A man has claimed that his 74-year-old mother was paralysed due to late treatment for a stroke because he was stuck in traffic caused by an eco-extremist protest on Britain’s busiest motorway.
Insulate Britain has inherited the tactics of Extinction Rebellion, whose activists obstruct traffic in central London for hours at a time, to Britain’s busiest motorway, the M25, this time disrupting ordinary Britons travelling to the rest of the country.
“I was caught for about six hours in traffic. I was doing a mission of mercy to help my mother,” Chris told LBC host Andrew Pierce of a recent protest, explaining that he was forced to drive his mother, who was suspected of having had a stroke, himself because ambulance services were delayed.
“We got caught in this traffic [on the M25], and it should have been no longer than a half-an-hour, 40-minute [journey]. We were there for six hours,” he continued.
Struggling to contain the emotion in his voice, Chris continued: “I was in that car with my mother for six hours, watching her slip away in front of my very eyes, and I could do nothing. I couldn’t help her. At one point, she put her hand on my leg and looked at me and said, ‘Oh Chris, I don’t feel very well.’ And those were the last words she was able to speak to me.”
“When we got to the hospital, the doctors had said if we were to have got to them within 90 minutes, her recovery would have been minimised. Because she had been left to endure a full-on stroke for six hours, it is severe. She has got complete paralysis now down her left side. She can’t speak,” Chris said.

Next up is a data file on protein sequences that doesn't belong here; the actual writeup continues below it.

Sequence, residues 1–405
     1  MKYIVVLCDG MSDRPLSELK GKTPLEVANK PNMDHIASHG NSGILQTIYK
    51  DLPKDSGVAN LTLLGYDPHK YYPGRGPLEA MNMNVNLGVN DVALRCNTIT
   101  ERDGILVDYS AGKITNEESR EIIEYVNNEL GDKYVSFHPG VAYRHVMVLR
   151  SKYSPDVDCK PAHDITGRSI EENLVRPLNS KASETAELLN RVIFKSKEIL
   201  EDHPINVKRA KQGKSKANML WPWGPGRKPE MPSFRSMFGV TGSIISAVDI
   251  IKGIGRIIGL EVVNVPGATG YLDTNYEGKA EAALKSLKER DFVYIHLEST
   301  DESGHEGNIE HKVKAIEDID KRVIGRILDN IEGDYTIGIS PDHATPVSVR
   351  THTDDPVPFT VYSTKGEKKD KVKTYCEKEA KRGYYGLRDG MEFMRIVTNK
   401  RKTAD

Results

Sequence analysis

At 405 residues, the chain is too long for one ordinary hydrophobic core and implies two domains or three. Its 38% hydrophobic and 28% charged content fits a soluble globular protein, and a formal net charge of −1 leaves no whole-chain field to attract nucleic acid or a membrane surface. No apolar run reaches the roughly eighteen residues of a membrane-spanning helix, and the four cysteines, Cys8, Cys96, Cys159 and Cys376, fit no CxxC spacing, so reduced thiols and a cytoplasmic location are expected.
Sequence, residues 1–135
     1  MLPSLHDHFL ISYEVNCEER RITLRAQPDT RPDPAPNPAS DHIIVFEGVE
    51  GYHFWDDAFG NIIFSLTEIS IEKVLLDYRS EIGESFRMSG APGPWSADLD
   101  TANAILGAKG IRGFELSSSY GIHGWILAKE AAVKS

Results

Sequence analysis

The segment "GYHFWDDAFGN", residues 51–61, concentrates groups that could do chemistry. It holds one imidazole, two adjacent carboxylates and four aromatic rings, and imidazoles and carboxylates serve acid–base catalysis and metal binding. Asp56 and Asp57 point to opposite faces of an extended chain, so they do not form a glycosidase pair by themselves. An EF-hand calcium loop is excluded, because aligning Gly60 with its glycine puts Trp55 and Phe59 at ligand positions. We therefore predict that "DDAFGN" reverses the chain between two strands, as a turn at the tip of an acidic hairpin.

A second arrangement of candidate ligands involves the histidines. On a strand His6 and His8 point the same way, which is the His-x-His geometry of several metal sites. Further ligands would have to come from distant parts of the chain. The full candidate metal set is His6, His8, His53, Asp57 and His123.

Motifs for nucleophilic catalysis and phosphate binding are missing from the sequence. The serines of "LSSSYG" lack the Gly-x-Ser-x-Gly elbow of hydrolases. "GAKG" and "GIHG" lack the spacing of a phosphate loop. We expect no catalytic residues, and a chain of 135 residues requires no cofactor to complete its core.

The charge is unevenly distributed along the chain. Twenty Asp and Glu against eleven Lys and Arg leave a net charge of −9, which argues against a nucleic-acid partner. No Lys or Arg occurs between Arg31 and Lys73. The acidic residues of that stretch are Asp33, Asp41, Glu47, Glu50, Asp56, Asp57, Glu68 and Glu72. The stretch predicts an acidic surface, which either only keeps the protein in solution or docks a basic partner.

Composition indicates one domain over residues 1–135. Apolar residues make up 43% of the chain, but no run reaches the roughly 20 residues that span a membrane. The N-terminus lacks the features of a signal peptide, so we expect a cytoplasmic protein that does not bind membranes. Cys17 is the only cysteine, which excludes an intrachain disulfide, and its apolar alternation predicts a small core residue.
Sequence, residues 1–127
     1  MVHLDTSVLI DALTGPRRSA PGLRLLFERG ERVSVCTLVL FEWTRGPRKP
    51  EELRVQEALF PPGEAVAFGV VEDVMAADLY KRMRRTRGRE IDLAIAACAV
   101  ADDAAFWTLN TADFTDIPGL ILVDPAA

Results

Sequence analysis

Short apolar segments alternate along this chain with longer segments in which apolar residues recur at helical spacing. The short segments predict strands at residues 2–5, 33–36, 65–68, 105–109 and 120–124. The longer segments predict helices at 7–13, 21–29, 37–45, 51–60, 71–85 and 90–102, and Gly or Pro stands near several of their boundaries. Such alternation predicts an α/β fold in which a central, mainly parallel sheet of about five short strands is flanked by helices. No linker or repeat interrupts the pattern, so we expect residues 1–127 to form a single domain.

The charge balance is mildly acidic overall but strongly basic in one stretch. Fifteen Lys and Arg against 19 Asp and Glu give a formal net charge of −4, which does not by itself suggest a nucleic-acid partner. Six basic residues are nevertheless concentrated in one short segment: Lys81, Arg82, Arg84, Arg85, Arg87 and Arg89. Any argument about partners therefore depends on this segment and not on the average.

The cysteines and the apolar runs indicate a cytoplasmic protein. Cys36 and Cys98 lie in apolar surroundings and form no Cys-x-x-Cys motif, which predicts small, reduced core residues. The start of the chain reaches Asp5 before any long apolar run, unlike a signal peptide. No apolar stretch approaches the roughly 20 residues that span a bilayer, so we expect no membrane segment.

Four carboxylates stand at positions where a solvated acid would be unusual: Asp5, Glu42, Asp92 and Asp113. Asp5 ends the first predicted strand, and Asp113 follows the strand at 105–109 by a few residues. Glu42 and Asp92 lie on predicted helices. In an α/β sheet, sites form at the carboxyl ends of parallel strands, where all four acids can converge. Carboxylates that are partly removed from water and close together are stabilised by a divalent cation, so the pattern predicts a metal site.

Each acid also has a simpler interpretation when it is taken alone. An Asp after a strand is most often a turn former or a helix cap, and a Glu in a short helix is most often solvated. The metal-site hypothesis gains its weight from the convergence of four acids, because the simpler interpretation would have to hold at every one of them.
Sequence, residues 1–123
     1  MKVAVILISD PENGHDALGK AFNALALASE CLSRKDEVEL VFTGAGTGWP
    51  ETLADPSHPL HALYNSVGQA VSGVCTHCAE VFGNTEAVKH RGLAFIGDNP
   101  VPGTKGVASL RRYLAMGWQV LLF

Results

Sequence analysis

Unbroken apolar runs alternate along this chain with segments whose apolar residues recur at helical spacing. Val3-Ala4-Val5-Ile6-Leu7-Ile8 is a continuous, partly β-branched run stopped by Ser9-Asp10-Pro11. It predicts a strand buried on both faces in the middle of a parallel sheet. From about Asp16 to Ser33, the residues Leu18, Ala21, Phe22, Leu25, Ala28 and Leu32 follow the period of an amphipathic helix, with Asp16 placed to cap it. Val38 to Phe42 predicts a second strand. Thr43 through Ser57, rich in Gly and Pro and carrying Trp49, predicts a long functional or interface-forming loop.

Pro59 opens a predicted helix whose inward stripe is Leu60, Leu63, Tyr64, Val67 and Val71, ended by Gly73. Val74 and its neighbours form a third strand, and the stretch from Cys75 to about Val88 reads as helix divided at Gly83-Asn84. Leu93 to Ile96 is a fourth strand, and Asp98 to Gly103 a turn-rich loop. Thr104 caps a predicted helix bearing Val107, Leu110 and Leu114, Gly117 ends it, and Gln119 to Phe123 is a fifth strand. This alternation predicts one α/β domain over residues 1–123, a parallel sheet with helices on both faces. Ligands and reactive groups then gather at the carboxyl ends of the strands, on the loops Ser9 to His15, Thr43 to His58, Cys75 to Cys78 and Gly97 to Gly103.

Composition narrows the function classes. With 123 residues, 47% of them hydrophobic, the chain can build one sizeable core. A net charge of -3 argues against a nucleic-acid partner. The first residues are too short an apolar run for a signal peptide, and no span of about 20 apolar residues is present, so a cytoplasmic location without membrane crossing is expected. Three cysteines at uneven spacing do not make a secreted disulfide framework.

Remarking on the story, Brexit leader Nigel Farage said on Sunday: “Too many innocent people are suffering because of these idiots at Insulate Britain. The next time they block the M25, the police must remove them immediately.”
Confronted with the story of Chris and his mother, Insulate Britain spokesman Liam Norton told LBC’s Nick Ferrari on Monday that his “heart” went to out the pensioner, but he appeared to imply that her serious injury was collateral damage in his wider war on uninsulated homes, saying: “It’s terrible, Nick, isn’t it, that we’re in this position where we have to campaign this way?”
Refusing to give a real apology and alluding to “the suffering of millions of people”, Ferrari interrupted the activist, demanding: “That woman effectively dying in front of her son’s eyes is down to you and your colleagues. So when are you going to suddenly stop with these lame apologies and actually accept that this is not the way to protest?”
“It’s awful, Nick, isn’t it?” Norton began before the radio host cut the line, declaring: “I’ve had enough.”
Some motorists have claimed the disruptions have led to the delays of the delivery of medical supplies, while others rightly lost their patience, with one reportedly yelling at the activists, “go to work you lazy bastards”.
Police have been criticised for their soft-handed approach to breaking up the highly-disruptive protest, with footage reported last week showing one officer passively and politely asking the line of protesters to move, before explaining that “individual officers will come and speak to you and they will make their own decision as to whether you are arrested”.
The female officer continued: “If you’ve got any questions at all, just ask and if any of you are in any discomfort or need anything, just let me know and we’ll try and sort you out in a nice way.
“Couldn’t have phrased that any worse could I? But no, if you need any assistance at all, just let me know okay? Right, we’ll be as we are.”
Insulate Britain disrupted motorists on the M25 again on Monday and Tuesday, now provoking the ire of drivers who, tired of the frequent blockades, confronted the activists before police intervened — apparently to protect the protesters, leading the upset driver away.